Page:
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Trump's Tax Returns: Our Business?
Special Contribution
By Domenico Maceri
Donald Trump

"It's none of your business." That's how Donald Trump responded to George Stephanopoulos of ABC on the tax rate paid by the GOP presumptive nominee. Trump eventually agreed to release his tax returns once the IRS completes the current routine audits.

Trump's reluctance to release his tax returns is consistent with his changing positions. When Mitt Romney, the GOP standard-bearer in 2012, was reluctant to disclose his tax returns, Trump encouraged him to do so. It's another story now.

Releasing his tax returns would not help Trump as he did not aid Romney. Voters in 2012 found out that the rate paid by Romney was less than 20 percent, a lower figure than that paid by many middle-class Americans. It helped to paint Romney as a wealthy man unable to understand the problems of the average American.

Thus Trump's hesitation is understandable. In the case of the New York tycoon it's a more complicated affair. Starting with the fact that tax returns may confirm what many suspect to be the true measure of his wealth. Trump has repeatedly said he has more than 10 billion dollars. Releasing his tax returns would confirm it.

Or maybe not. According to the Wall Street Journal, he has more than a billion and a half but not necessarily his oft-mentioned 10 billion. In 2005, however, a reporter calculated his assets at about 250 million dollars. Trump, upset by the low figure, sued the journalist for libel but did not win the case.

Trump has cultivated the image of being so rich that no one can buy him, as is the case with other politicians. He has accepted very few contributions in the primary but also benefited from millions and millions of free media publicity.

As soon as he wants to go on TV or radio, the doors are always open because it helps with ratings. Radio and television are a business and money talks. Trump generates money for the media while at the same time receiving his benefits.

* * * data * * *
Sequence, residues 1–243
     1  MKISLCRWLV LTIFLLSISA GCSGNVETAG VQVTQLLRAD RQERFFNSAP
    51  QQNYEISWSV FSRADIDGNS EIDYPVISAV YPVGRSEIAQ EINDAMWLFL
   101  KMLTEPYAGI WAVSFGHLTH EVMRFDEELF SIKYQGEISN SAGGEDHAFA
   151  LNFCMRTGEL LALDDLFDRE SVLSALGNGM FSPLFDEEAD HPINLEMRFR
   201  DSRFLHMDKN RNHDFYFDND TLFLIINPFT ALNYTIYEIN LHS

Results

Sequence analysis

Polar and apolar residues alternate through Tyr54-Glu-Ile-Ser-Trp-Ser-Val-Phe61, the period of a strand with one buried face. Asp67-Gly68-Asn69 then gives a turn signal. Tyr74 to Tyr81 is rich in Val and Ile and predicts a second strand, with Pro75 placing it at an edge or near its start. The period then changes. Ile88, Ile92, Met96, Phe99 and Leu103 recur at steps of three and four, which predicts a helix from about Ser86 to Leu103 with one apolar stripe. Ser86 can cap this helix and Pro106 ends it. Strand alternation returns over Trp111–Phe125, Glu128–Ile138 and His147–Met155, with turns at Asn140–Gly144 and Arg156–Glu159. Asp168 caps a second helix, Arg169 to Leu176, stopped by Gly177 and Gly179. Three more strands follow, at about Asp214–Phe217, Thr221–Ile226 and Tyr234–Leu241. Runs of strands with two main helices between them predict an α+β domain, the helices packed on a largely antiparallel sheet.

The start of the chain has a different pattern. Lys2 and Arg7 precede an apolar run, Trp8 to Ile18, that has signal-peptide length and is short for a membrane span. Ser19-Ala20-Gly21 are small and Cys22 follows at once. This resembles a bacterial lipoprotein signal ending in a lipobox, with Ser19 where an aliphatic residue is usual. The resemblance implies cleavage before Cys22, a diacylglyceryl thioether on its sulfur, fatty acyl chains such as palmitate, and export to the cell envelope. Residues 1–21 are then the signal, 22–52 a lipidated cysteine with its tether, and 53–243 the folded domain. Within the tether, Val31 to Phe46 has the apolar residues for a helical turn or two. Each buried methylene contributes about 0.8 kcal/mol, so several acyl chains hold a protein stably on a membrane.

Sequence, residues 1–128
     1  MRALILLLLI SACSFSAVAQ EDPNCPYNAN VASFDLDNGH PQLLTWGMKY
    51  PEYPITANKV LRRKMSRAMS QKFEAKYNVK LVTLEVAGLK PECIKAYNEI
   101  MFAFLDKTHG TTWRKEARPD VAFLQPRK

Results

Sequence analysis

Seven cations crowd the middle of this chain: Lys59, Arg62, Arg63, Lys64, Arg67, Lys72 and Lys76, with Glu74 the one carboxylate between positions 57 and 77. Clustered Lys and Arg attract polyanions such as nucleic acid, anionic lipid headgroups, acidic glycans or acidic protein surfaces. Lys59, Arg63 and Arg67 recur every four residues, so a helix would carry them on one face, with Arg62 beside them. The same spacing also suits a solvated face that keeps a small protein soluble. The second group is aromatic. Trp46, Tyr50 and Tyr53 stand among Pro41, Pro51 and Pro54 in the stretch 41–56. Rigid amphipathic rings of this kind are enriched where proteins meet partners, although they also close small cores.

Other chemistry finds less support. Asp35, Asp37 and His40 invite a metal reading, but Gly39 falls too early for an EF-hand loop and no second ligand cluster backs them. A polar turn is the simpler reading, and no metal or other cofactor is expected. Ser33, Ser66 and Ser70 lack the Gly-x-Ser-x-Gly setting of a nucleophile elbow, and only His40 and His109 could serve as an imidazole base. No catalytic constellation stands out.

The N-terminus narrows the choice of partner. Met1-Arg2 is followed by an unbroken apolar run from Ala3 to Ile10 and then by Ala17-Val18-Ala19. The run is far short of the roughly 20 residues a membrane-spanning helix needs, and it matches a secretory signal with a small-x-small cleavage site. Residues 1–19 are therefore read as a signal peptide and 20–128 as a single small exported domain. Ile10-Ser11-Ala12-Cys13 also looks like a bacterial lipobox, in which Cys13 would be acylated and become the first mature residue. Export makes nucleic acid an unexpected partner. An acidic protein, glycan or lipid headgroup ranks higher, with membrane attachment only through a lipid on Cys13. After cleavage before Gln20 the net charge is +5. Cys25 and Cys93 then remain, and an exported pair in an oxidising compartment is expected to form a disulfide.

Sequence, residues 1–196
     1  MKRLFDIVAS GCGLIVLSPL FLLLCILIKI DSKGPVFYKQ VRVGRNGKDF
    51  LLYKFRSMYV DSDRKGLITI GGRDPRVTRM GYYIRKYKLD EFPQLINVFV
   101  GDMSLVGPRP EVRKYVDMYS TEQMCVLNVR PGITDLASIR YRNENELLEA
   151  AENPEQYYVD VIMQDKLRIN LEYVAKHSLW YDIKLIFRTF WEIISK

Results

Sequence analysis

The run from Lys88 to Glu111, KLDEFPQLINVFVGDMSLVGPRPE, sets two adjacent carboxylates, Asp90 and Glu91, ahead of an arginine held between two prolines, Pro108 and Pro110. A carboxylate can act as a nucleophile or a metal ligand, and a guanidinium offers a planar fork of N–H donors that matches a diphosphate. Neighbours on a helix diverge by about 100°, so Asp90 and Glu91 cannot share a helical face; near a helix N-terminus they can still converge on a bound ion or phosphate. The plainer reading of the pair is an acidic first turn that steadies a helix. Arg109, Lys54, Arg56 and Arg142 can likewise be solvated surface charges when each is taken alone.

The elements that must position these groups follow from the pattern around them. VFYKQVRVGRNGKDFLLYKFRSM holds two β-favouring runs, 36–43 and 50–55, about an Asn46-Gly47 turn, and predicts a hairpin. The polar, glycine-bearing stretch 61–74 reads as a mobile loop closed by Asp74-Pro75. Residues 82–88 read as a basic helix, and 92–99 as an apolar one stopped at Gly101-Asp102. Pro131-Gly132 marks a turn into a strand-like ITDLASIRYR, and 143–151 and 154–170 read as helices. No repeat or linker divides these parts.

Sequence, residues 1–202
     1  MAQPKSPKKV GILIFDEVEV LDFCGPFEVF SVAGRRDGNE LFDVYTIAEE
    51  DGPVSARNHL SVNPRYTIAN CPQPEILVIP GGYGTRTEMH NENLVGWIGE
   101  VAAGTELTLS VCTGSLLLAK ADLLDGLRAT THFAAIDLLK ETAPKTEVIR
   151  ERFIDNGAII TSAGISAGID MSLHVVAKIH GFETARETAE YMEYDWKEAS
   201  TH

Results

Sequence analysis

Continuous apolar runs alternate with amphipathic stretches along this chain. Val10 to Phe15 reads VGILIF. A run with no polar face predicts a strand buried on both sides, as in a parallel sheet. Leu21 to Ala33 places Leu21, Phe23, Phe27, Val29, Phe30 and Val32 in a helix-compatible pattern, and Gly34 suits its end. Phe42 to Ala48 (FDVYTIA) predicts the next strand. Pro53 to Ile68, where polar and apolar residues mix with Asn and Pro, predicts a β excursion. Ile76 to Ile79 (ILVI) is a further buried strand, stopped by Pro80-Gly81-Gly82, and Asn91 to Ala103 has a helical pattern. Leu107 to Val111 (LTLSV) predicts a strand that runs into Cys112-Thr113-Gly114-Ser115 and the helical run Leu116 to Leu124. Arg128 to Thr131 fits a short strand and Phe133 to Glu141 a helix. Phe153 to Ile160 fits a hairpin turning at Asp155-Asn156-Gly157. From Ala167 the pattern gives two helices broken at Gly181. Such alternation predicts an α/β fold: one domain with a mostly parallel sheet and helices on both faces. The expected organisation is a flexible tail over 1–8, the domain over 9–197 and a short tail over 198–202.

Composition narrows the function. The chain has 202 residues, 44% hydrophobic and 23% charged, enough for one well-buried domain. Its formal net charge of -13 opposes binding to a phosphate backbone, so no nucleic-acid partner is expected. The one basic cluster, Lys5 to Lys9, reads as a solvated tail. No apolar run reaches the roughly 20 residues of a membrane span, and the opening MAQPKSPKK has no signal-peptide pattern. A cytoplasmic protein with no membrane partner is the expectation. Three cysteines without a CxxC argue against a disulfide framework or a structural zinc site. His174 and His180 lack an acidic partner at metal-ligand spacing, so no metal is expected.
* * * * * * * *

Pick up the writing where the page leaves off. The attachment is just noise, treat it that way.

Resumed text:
Having almost the nomination in his pocket, Trump has changed his mind on financial contributions and has decided to form a "world class" organization that will collect a billion and a half dollars needed for the campaign.

Trump will have to explain why he did not keep his promise of self-financing. Perhaps because he is not as rich as he tried to make us believe

The tax returns would put an end to the speculations made by some like Romney who suggested that there maybe a bombshell in Trump's fiscal situation. It is believed that Trump has paid a very low rate because he has repeated several times he fights "to pay as little in taxes as possible." In the 1970s in fact, he paid "0" taxes, according to documents contained in a report by a 1981 New Jersey gambling regulators.

According to the newspaper Crain's New York Business, Trump also benefited from a deduction for individuals with income below $500,000 in 2014, 2015 and 2016. This does not clarify the value of his assets but does not seem suggest the fabulous income of a billionaire?

There are also doubts that he has not shown the great generosity he claims with charitable organizations and that he may have had dealings with less-than-completely honest people. It is also believed that his contributions to the political right and left would cause big headaches for possible favors received. Releasing his tax returns would also shed light on his four bankruptcies?

It's better, therefore, to keep it a secret. But the problem is that since 1970 all of the presidential candidates of the two major parties have released their tax returns. Trump would be the first exception.

In 2012, when Romney was reluctant to release his tax returns, Barack Obama attacked him with ads, questioning the tax rate he may have paid. Eventually Romney relented and released his returns because of the political cost?

Hillary Clinton, Trump's likely opponent in November, will repeat these kinds of ads to force clarity on the finances of New York tycoon?

Trump told Stephanopoulos that voters would not learn anything from his tax returns. His loyal Republican voters who handed him the nomination will believe him. General election voters are more demanding. The president or potential president's tax returns are not only Trump's business but that of all Americans.

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Domenico Maceri, Ph.D., UC Santa Barbara, teaches foreign languages at Allan Hancock College in Santa Maria, CA. His articles have appeared in many newspapers including Los Angeles Times, Washington Times, Japan Times, and The Seoul Times. Some of his stories won awards from the National Association of Hispanic Publications.






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